What does Google know about you?

January 25, 2010
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As I promote The Numerati, people often ask me how much Google knows about each of its users. So a few months back, I asked Google.

“There’s a sense that Google knows everything about you,” says Mike Yang, a lawyer working on privacy issues at the company. “The reality is a little different than that.” The way he describes it, lots of information about our behavior is swimming around in Google’s servers. But much of it is not attached to our names. More important, the company doesn’t at this point have a business case for aggregating all those bits about hundreds of millions of single users. “It’s not cost effective nor meaningful for us to come up with a whole series of individual data sets,” he says.

However, if you have a Google account–such as Gmail–the individual pops into much sharper focus. The company stores the search results of users who have opted in, Yang says, and “uses them to customize and improve their search results.” (Have you opted in? Did you perhaps click some disclosure form without bothering to read it? Most of us do it all the time and, in the process, click away rights to our data. I do it often.)

Another way Google knows us

As I promote The Numerati, people often ask me how much Google knows about each of its users. So a few months back, I asked Google.

“There’s
a sense that Google knows everything about you,” says Mike Yang, a
lawyer working on privacy issues at the company. “The reality is a
little different than that.” The way he describes it, lots of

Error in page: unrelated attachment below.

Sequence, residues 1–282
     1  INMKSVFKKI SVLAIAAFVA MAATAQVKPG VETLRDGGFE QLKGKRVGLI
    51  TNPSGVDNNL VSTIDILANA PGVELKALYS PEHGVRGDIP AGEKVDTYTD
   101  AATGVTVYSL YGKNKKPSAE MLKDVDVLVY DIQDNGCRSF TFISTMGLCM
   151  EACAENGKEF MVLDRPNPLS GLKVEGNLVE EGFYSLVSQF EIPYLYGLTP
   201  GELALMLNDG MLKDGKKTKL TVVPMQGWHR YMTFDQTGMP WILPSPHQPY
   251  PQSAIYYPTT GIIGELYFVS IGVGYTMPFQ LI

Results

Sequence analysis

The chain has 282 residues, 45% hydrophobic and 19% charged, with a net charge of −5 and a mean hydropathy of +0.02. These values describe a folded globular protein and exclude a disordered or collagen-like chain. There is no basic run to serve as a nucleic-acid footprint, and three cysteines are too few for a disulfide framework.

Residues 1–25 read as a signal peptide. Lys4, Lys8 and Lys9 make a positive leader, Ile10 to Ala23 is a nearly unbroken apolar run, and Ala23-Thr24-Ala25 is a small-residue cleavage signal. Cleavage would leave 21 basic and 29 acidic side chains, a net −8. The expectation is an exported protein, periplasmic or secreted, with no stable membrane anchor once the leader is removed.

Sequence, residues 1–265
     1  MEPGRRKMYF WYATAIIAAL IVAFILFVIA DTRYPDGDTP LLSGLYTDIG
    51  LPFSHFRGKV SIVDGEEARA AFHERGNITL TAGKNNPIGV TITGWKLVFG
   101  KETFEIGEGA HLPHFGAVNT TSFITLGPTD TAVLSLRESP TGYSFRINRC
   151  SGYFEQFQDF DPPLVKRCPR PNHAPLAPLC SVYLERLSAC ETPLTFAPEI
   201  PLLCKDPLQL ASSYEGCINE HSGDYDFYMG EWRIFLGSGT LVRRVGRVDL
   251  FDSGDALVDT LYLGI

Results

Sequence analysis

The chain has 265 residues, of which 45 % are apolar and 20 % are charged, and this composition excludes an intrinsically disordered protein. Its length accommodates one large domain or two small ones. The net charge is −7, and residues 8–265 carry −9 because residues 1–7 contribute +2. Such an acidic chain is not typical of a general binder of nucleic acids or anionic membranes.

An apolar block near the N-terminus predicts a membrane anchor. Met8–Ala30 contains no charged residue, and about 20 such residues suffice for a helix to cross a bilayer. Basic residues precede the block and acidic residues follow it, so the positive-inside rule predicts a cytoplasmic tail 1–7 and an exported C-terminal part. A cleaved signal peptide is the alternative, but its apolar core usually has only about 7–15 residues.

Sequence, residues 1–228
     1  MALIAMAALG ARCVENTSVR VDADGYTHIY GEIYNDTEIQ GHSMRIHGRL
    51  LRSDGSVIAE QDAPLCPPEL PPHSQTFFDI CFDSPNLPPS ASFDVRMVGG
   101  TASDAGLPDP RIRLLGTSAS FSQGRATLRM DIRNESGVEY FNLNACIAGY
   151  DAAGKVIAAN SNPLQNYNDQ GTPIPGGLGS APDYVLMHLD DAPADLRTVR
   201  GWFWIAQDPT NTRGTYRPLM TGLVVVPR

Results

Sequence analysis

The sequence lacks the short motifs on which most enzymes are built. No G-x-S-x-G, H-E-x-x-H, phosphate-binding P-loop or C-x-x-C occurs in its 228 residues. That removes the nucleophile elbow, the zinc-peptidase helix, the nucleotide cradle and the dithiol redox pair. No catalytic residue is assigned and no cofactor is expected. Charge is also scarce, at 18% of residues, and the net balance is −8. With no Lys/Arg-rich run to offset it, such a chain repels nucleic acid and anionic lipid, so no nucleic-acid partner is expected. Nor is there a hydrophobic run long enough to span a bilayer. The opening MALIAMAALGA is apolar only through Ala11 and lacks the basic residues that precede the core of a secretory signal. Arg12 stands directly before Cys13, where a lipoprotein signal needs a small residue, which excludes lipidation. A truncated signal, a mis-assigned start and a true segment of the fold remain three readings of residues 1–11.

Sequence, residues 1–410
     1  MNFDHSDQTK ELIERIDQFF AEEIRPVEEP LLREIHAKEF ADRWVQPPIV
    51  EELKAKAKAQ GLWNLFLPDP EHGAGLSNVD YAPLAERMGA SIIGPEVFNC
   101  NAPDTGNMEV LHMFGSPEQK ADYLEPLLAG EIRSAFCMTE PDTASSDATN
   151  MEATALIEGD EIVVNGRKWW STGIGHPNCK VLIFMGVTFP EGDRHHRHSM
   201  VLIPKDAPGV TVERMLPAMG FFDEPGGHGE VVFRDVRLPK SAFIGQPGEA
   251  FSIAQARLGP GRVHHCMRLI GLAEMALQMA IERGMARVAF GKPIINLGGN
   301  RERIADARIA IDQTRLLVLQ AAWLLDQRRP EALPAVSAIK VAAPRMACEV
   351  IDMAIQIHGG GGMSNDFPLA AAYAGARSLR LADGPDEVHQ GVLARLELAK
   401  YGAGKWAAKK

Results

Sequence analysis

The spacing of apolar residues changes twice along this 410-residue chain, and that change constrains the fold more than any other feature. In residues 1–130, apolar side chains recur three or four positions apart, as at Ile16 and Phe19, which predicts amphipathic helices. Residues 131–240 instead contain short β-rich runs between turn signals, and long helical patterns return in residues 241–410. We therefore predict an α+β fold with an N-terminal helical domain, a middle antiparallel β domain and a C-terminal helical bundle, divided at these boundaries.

information about our behavior is swimming around in Google’s servers.
But much of it is not attached to our names. More important, the
company doesn’t at this point have a business case for aggregating all
those bits about hundreds of millions of single users. “It’s not cost
effective nor meaningful for us to come up with a whole series of
individual data sets,” he says.

However, if you have a Google
account–such as Gmail–the individual pops into much sharper focus.
The company stores the search results of users who have opted in, Yang
says, and “uses them to customize and improve their search results.”
(Have you opted in? Did you perhaps click some disclosure form without
bothering to read it? Most of us do it all the time and, in the
process, click away rights to our data. I do it often.)

Another
way Google knows us is through behavioral advertising. Over the 10
months, the company, like much of the online ad industry, has been
harvesting some of our surfing patterns through the use of digital
cookies. This leads to more targeted advertising. If you’d like to see
what Google’s learning about you from these cookies, you can click google.com/ads/preferences. There you’ll see which buckets the company puts you into.

My list includes stuff you’d expect: Business, computers, society, data
management. (The only surprise is soccer. They must have picked up that
one yesterday, when my son was urging me to look for YouTube highlights
of Argentina’s fabulous striker, Lionel Messi.)

Now you might think that Google’s buckets are a bit large. Couldn’t a
company with that much data and computational smarts place us into more
precise groupings? No doubt they could. But even sophisticated
companies still love big buckets. For now, at least, it’s often more
cost effective to give business news to “business readers”–instead of
finding 300 different offerings for 300 types of business readers. That
will change, no doubt, as the science advances. But for now, big
buckets are still popular.

Here’s the paradox. Even while sophisticated companies divide us into
big buckets, many data companies and consultancies boast about the
precision of their marketing campaigns. Those claims, often
exaggerated, fuel public privacy fears, which could lead to restrictive
new laws. So the hype, while helping individual companies, risks
damaging the industry.